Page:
Part two of this week’s three-part blog.
Remember when pearls used to conjure up images of pristine preppies, predictable bridal jewelry and the cultured strands you used to play with in your grandmother’s jewelry box? Although Coco Chanel did much in her day to totally revitalize and modernize pearls (mixing real and faux, layering multi-strands and adding large gem encrusted Maltese crosses), throughout the 20th century pearls kept returning to their more tradition roots. Many designers and infamous jewelry houses during this period tried to infuse pearls with an elegance and glamor, succeeding only for short periods of time- mostly when draped around the necks of Jackie O and Grace Kelly.
My own recollections included sitting next to my mom in the mirror and watching her dress up in her Jackie O-style strands. But, just a few year later she was trading them in for love beads, peace sign pendants and woman’s lib. That was the thing about pearls, there was always a movement or a trend or shift in society that took over and kept pearls in their proper place.
The first time I ever really wore pearls was upon receiving my first bridesmaid’s gift in my twenties of a very basic teardrop shaped fresh water earring, dangling from a sterling silver wire. Not long after, I counted approximately ten similar pairs bestowed upon me for my role in wedding parties–many either in natural or, yes, dyed to match hues — to go with the dress. You remember–the dress–flammable fabrics, fashioned in colors and silhouettes that flattered no actual woman–but definitely complemented the decor and table settings of the bride’s venue.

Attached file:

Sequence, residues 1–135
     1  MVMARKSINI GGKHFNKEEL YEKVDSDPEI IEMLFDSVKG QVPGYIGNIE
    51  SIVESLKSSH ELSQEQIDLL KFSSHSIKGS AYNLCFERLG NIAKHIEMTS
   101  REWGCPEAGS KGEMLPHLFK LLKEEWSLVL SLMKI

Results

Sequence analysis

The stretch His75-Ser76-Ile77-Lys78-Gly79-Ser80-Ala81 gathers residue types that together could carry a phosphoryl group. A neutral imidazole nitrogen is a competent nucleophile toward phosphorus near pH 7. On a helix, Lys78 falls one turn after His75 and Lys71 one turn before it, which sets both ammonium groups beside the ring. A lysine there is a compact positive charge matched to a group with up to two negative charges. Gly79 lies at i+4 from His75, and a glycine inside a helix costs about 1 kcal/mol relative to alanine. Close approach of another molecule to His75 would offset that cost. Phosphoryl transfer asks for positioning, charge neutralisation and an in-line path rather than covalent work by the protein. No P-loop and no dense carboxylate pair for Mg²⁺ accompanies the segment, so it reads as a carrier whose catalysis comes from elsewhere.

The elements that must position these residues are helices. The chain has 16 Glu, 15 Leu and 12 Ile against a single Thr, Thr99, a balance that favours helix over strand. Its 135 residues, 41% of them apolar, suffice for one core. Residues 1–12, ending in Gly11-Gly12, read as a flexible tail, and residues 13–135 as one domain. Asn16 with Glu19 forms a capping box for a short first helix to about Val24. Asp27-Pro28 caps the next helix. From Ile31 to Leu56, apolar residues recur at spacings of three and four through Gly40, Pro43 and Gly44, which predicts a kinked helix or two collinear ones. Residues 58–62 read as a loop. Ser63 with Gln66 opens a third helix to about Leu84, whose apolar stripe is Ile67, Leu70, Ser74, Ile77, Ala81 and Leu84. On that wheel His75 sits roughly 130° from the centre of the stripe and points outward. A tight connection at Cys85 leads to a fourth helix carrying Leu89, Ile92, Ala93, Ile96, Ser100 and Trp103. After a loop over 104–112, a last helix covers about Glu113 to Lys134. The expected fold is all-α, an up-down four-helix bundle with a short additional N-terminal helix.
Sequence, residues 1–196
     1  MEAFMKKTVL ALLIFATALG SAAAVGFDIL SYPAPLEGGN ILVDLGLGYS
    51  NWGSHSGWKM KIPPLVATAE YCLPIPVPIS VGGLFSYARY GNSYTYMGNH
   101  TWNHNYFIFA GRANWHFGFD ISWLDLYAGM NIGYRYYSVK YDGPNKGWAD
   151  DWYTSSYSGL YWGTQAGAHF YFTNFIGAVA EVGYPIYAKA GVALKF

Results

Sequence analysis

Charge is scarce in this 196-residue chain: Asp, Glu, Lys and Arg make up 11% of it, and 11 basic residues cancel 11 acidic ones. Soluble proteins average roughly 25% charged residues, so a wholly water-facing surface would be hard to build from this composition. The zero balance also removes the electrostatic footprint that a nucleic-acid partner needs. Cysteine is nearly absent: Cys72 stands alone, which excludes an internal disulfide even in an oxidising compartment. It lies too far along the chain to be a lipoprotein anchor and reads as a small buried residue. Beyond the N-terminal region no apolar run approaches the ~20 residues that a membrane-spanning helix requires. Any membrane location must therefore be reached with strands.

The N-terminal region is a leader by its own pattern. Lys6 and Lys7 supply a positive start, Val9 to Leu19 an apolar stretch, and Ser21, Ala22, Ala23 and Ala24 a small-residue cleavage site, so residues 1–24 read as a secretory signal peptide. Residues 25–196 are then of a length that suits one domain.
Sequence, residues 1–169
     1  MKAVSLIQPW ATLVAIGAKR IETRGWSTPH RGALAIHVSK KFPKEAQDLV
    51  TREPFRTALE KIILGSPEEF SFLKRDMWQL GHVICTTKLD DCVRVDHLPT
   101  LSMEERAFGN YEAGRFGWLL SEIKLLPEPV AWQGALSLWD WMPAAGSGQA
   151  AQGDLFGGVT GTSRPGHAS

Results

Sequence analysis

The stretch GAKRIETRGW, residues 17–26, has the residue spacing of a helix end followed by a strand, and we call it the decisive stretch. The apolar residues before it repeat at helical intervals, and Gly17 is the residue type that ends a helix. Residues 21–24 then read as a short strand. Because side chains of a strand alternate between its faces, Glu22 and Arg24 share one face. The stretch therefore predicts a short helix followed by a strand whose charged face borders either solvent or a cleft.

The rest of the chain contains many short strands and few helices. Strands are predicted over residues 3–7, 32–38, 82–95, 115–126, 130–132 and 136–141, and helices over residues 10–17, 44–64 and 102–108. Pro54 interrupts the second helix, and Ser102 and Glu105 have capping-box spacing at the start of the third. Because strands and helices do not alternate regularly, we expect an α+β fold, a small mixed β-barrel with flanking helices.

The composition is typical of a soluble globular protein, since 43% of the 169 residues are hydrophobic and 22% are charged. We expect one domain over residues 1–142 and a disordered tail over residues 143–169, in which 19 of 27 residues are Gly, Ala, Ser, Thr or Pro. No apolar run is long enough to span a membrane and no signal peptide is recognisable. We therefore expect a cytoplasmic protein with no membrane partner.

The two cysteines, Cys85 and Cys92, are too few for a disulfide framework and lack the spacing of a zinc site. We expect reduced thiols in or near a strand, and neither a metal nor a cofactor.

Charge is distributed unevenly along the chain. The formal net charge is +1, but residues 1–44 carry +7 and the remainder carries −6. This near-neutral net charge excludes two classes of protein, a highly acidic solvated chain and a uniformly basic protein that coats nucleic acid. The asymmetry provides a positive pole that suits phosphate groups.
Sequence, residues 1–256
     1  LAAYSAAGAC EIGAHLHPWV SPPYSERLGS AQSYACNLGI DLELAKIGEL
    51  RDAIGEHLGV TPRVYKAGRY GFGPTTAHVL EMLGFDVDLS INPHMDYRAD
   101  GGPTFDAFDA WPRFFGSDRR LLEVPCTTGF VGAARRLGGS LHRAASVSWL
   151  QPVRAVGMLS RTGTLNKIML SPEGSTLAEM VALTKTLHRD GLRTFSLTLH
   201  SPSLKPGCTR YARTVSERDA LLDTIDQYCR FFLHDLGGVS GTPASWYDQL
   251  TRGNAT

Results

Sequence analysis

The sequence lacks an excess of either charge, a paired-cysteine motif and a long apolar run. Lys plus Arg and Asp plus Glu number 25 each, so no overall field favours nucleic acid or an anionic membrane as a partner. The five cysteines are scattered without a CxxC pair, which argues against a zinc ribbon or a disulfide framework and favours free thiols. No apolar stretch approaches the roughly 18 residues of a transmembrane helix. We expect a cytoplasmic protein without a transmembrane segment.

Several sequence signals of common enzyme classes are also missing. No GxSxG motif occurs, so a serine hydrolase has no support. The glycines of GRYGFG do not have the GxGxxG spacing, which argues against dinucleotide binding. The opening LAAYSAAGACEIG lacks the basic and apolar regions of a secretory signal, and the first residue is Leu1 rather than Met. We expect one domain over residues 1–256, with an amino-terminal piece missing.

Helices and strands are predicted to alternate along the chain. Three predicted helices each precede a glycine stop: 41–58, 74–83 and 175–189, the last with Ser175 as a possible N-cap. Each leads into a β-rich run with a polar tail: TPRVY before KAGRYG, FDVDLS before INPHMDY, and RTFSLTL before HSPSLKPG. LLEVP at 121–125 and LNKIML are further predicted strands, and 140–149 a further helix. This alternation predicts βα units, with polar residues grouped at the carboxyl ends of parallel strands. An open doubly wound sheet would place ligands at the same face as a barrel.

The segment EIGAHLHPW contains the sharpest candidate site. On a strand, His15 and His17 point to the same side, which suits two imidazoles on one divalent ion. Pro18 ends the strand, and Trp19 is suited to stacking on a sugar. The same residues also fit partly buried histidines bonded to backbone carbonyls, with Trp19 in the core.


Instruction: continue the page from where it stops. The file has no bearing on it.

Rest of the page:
I’m not sure about your friends and relatives, but most of mine who were getting married (and were gracious enough to have me as a bridesmaid), practiced equality: every body type got the exact same dress silhouette and every face shape and skin tone, the same drop pearl earring.
Later in my early thirties I wore Karl Lagerfeld and Moschino’s high fashion versions of big chunky button pearls and curb chain mixtures that evoked a sort of Haute motorcycle chic. This look lasted for about 12 minutes for me. My only long-term relationship with pearls was with the tiniest of natural seed pearls chokers, two antique styles from the Edwardian era.
Needless to say, I had no passion for pearls. And, when I think back, the one piece I could never imagine myself wearing- a pearl ring.
Then, three years ago I met Danish designer Lene Vibe Dahlgren. The minutes I set my gaze upon her magical 3-D fairytale-like garden motif surrounding a creamy baroque pearl (for her collection, Vibes) I had to have it. Immediately. Love at first sight. Passion ignited. Before I even tried it on, I knew that I would wear it on what ever finger it would fit and I purchased it on the spot. I now own three different styles of her rings in lustrous natural shades as well as her enchanting, poetic and sometimes whimsical and one-of-kind baroque South Sea and Keshi pearl pendants with and without rough cut diamonds on both chain and leather cord.
I am also a fan of Nina Basharova’s rough and refined looks of irregularly shaped pearls held by stylized 18K gold versions of barbed wire. Autore’s dazzling sea life and antique motifs elevate pearls to a collectible art form. There are also designers such as Gabrielle Sanchez who mix various natural pearls in inventive shapes, working long Biwa and Keshi pearls into flowers and cross motifs, and, most recently, the return and update of Wendy Brigode’s ‘Tin Cup” necklace (the station pearl strand in the film of the same name that graced Renee Russo’s neck and spawned years of imitations). Both of these designers offer contemporary and often sexy alternatives for all women and a welcome, personalized and unbridled approach to wedding jewelry and gifts for your most treasured friends.
Just recently, after many years of finally vowing to be only a guest rather than a participant in the bridal party, I was asked to be witness for a good friend’s second wedding. I wore my own dress and my own Vibes gray pearl and rough diamond earrings. And, I embraced my new and enduring role as a pearl girl (okay, maybe pearl ‘woman’).